Discussion:
  1. Trevor Smith (1999). Ethics in Medical Research: A Handbook of Good Practice. Cambridge University Press.
    This is a comprehensive and practical guide to the ethical issues raised by different kinds of medical research, and is the first such book to be written with the needs of the researcher in mind. Clearly structured and written in a plain and accessible style, the book covers every significant ethical issue likely to be faced by researchers and research ethics committees. The author outlines and clarifies official guidelines, gives practical advice on how to adhere to these, and suggests procedures (...)
    Direct download  
     
    My bibliography  
     
    Export citation  
Back    All discussions

2009-12-23
Subject payments & insurance in medical research

Many medical research protocols pay for medical care for subjects who do not have insurance but bill insurance companies if they do. Is this ethical?



e.g. 2 subjects in a cancer chemo protocol, each has an annual income of $100,000:

A Has chosen to pay for insurance. His insurance is billed for care.

B Has no insurance. He pays nothing.

 Is this ethical?




2010-11-08
Subject payments & insurance in medical research
Reply to Jim Krug
Yes it is. Both subjects are sick. Both subjects are ill. Both cases have a cure or treatment. The knowledge and means for both treatments exist. Both SHOULD be treated.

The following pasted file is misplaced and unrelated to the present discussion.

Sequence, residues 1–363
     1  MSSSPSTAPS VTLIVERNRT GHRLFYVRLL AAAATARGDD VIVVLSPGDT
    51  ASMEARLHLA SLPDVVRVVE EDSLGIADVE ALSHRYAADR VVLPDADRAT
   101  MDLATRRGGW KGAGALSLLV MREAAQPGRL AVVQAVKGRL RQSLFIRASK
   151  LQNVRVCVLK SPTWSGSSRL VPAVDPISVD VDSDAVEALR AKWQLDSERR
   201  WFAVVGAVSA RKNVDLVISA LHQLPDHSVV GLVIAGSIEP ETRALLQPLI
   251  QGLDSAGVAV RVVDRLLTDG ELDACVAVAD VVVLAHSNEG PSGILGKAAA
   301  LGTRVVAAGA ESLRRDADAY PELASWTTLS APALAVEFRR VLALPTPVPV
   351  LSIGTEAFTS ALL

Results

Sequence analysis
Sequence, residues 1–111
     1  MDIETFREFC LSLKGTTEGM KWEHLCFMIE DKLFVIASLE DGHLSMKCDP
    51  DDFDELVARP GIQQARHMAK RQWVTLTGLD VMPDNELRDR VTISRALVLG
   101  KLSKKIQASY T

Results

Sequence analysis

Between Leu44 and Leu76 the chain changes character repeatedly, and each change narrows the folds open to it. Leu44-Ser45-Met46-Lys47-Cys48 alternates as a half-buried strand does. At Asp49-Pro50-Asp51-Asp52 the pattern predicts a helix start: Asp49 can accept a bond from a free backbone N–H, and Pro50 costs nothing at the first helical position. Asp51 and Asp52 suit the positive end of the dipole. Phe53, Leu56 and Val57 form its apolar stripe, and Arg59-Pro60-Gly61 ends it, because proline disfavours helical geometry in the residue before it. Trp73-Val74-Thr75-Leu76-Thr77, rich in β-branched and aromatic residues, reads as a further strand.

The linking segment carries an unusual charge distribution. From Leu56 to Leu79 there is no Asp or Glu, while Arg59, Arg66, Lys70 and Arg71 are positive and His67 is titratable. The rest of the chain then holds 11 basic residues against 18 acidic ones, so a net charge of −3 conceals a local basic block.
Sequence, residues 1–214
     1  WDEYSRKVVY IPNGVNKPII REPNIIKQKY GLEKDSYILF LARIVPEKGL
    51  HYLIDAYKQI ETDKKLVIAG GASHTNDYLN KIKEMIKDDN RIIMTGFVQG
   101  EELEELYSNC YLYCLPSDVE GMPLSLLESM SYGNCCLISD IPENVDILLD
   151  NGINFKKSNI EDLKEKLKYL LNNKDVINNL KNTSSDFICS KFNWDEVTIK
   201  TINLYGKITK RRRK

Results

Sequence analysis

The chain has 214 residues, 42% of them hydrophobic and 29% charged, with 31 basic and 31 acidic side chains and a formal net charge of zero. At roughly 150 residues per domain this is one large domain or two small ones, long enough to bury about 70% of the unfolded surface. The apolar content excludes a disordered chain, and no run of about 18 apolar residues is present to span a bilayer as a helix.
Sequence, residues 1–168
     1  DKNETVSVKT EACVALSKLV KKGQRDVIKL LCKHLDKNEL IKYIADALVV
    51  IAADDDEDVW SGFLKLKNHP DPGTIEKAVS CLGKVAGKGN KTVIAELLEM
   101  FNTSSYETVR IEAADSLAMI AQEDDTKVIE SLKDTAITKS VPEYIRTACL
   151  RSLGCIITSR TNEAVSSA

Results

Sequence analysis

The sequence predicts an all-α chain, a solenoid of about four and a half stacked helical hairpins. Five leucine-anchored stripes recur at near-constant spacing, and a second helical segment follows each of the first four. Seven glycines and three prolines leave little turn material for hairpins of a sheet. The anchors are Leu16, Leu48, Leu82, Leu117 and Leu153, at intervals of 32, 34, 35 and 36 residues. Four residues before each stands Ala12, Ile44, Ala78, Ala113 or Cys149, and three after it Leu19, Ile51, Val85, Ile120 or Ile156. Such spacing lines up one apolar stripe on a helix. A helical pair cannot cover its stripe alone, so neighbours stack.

Now..! How does society organize itself to use resources that do exist to meet needs that also exist? Is private individual inurance the adequate form of organization in healcare? What is the ethical way for a society to care for its ill and sick?

Now... Why does A pay for insurance? To be treeated? Or to make sure he holds exclusivity in the treatment? In other words, why does A have to do with B's illness? What do You call people who live looking at what their neighbours have and have not?

Now... Is treatment a status thing? Should it be? Is it ethical for A to want to have exclusive access to treatment? If A demands that B does not receive healthcare because he hasn't paid for insurance, would that be ethical?

And especially... is it ethical that insurance companies preclude that society cares for its ill and sick because they are ill and sick? Is it ethical that B's treatment should be denied with the sole objective to force the purchase of a private and exclusive service?

«This is my truth, tell me yours.»
Aneurin Bevan